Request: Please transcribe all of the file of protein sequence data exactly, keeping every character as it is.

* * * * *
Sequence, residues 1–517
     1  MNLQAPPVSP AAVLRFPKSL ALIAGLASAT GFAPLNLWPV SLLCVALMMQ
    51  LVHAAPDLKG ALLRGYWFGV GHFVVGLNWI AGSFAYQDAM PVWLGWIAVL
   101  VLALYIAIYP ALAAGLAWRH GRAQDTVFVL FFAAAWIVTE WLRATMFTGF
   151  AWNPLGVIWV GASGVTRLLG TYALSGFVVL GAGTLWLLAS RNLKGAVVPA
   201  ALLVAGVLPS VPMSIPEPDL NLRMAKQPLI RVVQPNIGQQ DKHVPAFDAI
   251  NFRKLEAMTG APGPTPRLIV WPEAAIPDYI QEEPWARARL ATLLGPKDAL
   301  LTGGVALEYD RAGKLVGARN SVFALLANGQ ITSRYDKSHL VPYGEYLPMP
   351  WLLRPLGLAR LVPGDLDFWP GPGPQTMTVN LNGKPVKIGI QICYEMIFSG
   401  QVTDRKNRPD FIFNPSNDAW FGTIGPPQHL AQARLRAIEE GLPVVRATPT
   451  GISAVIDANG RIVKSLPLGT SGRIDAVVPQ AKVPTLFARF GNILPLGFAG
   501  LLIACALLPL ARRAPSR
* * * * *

Sequence, residues 1–517
     1  MNLQAPPVSP AAVLRFPKSL ALIAGLASAT GFAPLNLWPV SLLCVALMMQ
    51  LVHAAPDLKG ALLRGYWFGV GHFVVGLNWI AGSFAYQDAM PVWLGWIAVL
   101  VLALYIAIYP ALAAGLAWRH GRAQDTVFVL FFAAAWIVTE WLRATMFTGF
   151  AWNPLGVIWV GASGVTRLLG TYALSGFVVL GAGTLWLLAS RNLKGAVVPA
   201  ALLVAGVLPS VPMSIPEPDL NLRMAKQPLI RVVQPNIGQQ DKHVPAFDAI
   251  NFRKLEAMTG APGPTPRLIV WPEAAIPDYI QEEPWARARL ATLLGPKDAL
   301  LTGGVALEYD RAGKLVGARN SVFALLANGQ ITSRYDKSHL VPYGEYLPMP
   351  WLLRPLGLAR LVPGDLDFWP GPGPQTMTVN LNGKPVKIGI QICYEMIFSG
   401  QVTDRKNRPD FIFNPSNDAW FGTIGPPQHL AQARLRAIEE GLPVVRATPT
   451  GISAVIDANG RIVKSLPLGT SGRIDAVVPQ AKVPTLFARF GNILPLGFAG
   501  LLIACALLPL ARRAPSR